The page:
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Elements of an Economic Policy Model of R&D (2): Generic Technology (b)

  • Generic technology (the maturity of generic technology) indicates later market potentials:

  • “The broader and deeper the generic technology is, the greater the amount of R&D stimulated and the larger the number of market applications eventually produced” (p. 48)

  • Biotechnology as an example for generic technologies:

  • “Biotechnology provides an excellent example of how generic technologies arise out of the science base, but ahead of specific market applications” (p. 48)


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Elements of an Economic Policy Model of R&D (3): Infratechnology (a)

  • Definition of infratechnology:

  • “The other category of industrial technology with significant public good content[1] is infratechnology. Infratechnologies are a varied set of technical tools that perform a wide range of measurement, integration, and other infrastructure functions” (p. 50)

  • [1]) “Generic technology” also expresses a public good content.


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Elements of an Economic Policy Model of R&D (4): Infratechnology (b)

  • Functions of infratechnology include:

  • (1) Measurement and test methods:

  • “Measurement and test methods” (p. 50)

  • (2) Artifacts:

  • “Artifacts such as standard reference materials that allow these methods to be used efficiently” (p. 50)

  • (3) Scientific and engineering databases:

  • “Scientific and engineering databases” (p. 50)

  • (4) Process models:

  • “Process models” (p. 50)


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Elements of an Economic Policy Model of R&D (5): Infratechnology (c)

  • (5) Technical bases for interfaces between components of systems technologies:

  • “Technical bases for both physical and functional interfaces between components of systems technologies, such as factory automation and communications systems” (p. 50)

  • “Research-intensive” infratechnologies are of a crucial importance for “technology-based” economic activities:

  • “… the complexity of technology-based economic activity and the demands by users of technology for accuracy and high levels of quality have reached levels that a large that a large number of diverse research-intensive infratechnology are required – even within single industries” (p. 50)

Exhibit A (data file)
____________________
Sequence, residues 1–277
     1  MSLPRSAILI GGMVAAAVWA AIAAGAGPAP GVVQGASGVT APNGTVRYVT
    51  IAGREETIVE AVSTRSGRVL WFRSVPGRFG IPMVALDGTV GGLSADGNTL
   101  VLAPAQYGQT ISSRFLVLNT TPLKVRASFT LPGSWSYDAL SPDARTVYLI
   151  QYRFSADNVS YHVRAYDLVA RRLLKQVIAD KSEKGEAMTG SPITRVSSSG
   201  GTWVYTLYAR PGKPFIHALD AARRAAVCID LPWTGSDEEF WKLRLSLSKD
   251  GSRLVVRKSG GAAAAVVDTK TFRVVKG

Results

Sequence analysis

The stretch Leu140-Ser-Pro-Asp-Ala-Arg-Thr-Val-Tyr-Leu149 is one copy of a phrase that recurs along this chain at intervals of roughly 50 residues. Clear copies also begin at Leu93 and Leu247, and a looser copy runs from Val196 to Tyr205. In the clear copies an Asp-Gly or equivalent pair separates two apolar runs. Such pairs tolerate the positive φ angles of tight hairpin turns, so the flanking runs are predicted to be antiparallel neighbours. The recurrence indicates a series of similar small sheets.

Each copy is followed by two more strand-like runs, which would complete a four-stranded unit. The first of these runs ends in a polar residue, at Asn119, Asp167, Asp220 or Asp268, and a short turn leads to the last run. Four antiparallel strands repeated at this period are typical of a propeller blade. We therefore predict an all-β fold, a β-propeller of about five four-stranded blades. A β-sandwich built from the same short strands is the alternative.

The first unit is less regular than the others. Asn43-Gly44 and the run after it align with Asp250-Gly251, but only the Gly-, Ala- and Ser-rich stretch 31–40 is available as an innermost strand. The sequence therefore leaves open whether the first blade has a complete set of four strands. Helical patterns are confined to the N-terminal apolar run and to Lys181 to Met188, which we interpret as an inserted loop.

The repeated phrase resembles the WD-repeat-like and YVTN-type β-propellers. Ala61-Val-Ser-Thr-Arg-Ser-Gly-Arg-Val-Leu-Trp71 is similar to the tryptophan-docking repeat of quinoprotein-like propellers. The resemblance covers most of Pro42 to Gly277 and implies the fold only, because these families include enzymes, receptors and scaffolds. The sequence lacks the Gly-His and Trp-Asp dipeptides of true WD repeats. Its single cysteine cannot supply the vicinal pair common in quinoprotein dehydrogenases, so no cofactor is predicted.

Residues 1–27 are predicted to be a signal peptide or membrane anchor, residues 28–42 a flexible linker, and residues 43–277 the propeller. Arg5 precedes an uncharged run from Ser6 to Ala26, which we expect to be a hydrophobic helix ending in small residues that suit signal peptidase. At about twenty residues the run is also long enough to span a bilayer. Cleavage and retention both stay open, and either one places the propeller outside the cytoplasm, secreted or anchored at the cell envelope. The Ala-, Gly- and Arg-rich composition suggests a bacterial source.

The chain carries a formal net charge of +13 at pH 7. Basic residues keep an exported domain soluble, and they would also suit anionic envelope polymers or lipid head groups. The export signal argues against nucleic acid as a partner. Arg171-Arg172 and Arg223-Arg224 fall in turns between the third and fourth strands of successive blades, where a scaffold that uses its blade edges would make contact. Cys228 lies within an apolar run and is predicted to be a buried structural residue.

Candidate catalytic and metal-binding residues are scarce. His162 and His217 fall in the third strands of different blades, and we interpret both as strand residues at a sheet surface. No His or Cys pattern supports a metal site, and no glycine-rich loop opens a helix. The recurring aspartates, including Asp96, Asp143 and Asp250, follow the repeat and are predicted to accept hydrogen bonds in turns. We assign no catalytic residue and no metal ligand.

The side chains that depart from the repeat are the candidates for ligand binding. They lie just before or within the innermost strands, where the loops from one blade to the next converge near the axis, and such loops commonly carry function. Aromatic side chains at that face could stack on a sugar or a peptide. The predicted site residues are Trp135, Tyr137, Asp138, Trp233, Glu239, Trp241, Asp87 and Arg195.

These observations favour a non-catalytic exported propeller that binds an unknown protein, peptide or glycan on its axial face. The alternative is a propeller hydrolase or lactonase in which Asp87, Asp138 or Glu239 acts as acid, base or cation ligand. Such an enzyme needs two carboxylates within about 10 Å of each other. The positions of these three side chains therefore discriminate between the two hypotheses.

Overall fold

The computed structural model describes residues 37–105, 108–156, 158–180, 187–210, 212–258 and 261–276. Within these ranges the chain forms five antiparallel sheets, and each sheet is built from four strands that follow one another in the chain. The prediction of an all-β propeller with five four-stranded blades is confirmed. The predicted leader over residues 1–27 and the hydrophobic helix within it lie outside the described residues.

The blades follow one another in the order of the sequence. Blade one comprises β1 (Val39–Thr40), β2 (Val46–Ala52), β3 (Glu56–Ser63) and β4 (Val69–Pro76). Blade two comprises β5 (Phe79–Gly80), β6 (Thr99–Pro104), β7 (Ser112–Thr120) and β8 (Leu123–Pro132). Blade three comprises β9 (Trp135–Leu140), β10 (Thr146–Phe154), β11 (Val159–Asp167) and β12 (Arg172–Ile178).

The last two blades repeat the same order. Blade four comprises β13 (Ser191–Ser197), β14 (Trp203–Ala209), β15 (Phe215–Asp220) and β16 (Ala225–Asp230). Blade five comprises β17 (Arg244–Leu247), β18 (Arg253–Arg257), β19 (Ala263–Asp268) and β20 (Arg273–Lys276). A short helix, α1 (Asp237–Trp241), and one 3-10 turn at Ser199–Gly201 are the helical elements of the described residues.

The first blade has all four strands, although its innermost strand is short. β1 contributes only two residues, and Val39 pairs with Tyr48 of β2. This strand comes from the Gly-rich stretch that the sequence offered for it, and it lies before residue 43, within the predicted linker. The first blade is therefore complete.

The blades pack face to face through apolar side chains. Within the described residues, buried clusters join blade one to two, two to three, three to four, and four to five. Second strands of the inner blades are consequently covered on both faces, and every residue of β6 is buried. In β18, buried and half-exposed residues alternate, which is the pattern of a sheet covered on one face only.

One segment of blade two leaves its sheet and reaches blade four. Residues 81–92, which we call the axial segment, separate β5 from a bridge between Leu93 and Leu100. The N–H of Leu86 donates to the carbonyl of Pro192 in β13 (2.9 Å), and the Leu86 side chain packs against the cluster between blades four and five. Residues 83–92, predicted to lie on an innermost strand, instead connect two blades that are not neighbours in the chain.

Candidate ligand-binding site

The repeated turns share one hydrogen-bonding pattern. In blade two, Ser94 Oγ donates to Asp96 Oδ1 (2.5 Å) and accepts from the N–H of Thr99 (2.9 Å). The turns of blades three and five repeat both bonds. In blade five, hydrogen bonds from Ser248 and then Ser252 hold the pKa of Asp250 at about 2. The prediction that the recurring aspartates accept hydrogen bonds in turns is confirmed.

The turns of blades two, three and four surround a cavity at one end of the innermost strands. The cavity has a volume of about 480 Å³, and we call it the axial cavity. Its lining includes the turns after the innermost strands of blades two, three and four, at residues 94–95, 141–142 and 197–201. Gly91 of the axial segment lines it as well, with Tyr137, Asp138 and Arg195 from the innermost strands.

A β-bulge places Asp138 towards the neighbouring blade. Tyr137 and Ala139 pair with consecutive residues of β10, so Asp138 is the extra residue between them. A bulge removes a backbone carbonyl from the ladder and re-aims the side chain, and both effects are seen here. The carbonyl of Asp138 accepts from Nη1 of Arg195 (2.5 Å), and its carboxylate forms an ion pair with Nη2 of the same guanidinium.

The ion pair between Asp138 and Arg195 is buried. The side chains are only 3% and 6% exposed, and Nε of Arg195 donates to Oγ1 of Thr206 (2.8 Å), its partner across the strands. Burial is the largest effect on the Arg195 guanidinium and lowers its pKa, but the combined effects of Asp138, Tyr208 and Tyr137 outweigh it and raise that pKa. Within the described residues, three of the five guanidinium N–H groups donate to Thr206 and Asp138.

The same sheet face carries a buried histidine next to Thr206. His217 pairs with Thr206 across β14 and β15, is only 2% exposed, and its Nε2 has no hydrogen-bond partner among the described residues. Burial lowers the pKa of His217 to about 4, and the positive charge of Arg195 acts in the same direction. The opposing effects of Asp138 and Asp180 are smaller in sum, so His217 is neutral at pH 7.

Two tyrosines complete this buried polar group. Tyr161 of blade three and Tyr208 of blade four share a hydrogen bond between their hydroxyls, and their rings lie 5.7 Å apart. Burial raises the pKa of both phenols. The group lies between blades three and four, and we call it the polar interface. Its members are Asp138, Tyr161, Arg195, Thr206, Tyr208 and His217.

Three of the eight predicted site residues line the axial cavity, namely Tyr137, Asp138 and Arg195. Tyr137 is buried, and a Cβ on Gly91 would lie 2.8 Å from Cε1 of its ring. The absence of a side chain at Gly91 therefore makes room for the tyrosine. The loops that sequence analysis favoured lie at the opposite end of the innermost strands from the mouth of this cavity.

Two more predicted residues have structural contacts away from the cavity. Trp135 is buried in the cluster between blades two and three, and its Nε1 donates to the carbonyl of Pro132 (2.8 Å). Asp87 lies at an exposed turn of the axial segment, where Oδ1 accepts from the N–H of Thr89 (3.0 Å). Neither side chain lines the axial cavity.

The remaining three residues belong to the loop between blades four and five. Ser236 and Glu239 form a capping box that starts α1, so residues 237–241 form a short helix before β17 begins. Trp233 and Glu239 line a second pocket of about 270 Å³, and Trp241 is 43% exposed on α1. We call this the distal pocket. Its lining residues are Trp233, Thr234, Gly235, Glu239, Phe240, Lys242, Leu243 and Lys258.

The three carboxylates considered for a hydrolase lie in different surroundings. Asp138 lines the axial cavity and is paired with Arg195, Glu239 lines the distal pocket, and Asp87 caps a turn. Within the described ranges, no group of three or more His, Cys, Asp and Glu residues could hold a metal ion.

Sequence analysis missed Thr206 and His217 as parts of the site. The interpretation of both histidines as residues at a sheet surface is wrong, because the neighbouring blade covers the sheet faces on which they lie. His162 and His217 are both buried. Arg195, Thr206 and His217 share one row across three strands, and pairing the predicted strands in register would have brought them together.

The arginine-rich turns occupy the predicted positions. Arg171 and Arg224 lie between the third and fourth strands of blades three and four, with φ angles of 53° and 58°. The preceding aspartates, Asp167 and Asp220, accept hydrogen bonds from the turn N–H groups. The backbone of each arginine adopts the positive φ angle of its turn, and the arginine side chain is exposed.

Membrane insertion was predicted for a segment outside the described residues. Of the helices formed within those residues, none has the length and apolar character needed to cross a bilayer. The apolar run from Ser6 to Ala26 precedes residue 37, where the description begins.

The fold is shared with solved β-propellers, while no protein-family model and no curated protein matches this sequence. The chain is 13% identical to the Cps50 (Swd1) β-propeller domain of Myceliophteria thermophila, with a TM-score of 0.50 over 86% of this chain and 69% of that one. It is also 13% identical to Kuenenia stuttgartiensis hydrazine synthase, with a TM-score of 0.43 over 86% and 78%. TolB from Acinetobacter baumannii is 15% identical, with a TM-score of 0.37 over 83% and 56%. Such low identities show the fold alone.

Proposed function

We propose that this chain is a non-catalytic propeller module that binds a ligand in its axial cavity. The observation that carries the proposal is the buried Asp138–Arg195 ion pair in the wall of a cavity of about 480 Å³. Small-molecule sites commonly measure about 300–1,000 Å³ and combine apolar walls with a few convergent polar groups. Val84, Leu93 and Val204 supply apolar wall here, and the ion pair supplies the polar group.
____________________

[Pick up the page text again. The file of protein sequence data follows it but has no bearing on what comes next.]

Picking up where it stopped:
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Market Failure and Underinvestment (1) Infratechnology (c)

  • A four-fold typology of R&D underinvestment:

  • “In general, four basic categories of under investment can and do occur” (p. 51)

  • (1) Aggregate R&D underinvestment:

  • “Aggregate under investment by an industry (e.g., insufficient total R&D)” (p. 51)

  • (2) Underinvestment in applied business R&D:

  • “Under investment in applied R&D in new firms (e.g., insufficient venture capital” (p. 51)


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Market Failure and Underinvestment (2) Infratechnology (c)

  • (3) Underinvestment in generic or major technology life cycles / “Next generation technology”:

  • “Under investment in new generations of existing technology or in radically new technology (e.g., insufficient generic technology research)” (p. 52)

  • (4) Underinvestment in technology infrastructures / infratechnology:

  • “Under investment in supporting technology infrastructures (e.g., insufficient infratechnology R&D)” (p. 52)


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Market Failure and Underinvestment (3) Infratechnology (c)

  • Technology life cycles: depending on the status of the specific cycles specific market failures can occur and specific policy responses and cycle transitions are appropriate

  • “The concept of technology life cycles is particularly important for R&D policy because it implies a time order or evolutionary character … for various market failures that appear at different points in the typical life cycle. Hence, this concept helps determine appropriate policy responses within life cycles as well as the critical transitions between cycles” (p. 51)


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Market Failure and Underinvestment (4) Infratechnology (c)

  • The cyclical character of technology development often has the following implications: underinvestment and connected market failures have a tendency to repeat itself (with each new cycle)

  • “Because the process of technology development evolves cyclically, under-investment due to market tends to repeat” (p. 52)

  • Specific market failures demand specific industry and/or government responses:

  • “Moreover, distinctly different types of market failure exist and therefore require different government or government/industry response modes” (p. 52)


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Market Failure and Underinvestment (5): Important Sources of Market Failure (a)

  • Major types of market failure in connection to technology life cycles (pp. 52-54):

  • “The following are the major types of market failure that can and frequently do occur over the typical technology life cycle” (p. 52)

  • (1) “Technology is inherently complex”;

  • (2) “Increased global competition shortens R&D and product life cycles”;


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Market Failure and Underinvestment (6): Important Sources of Market Failure (b)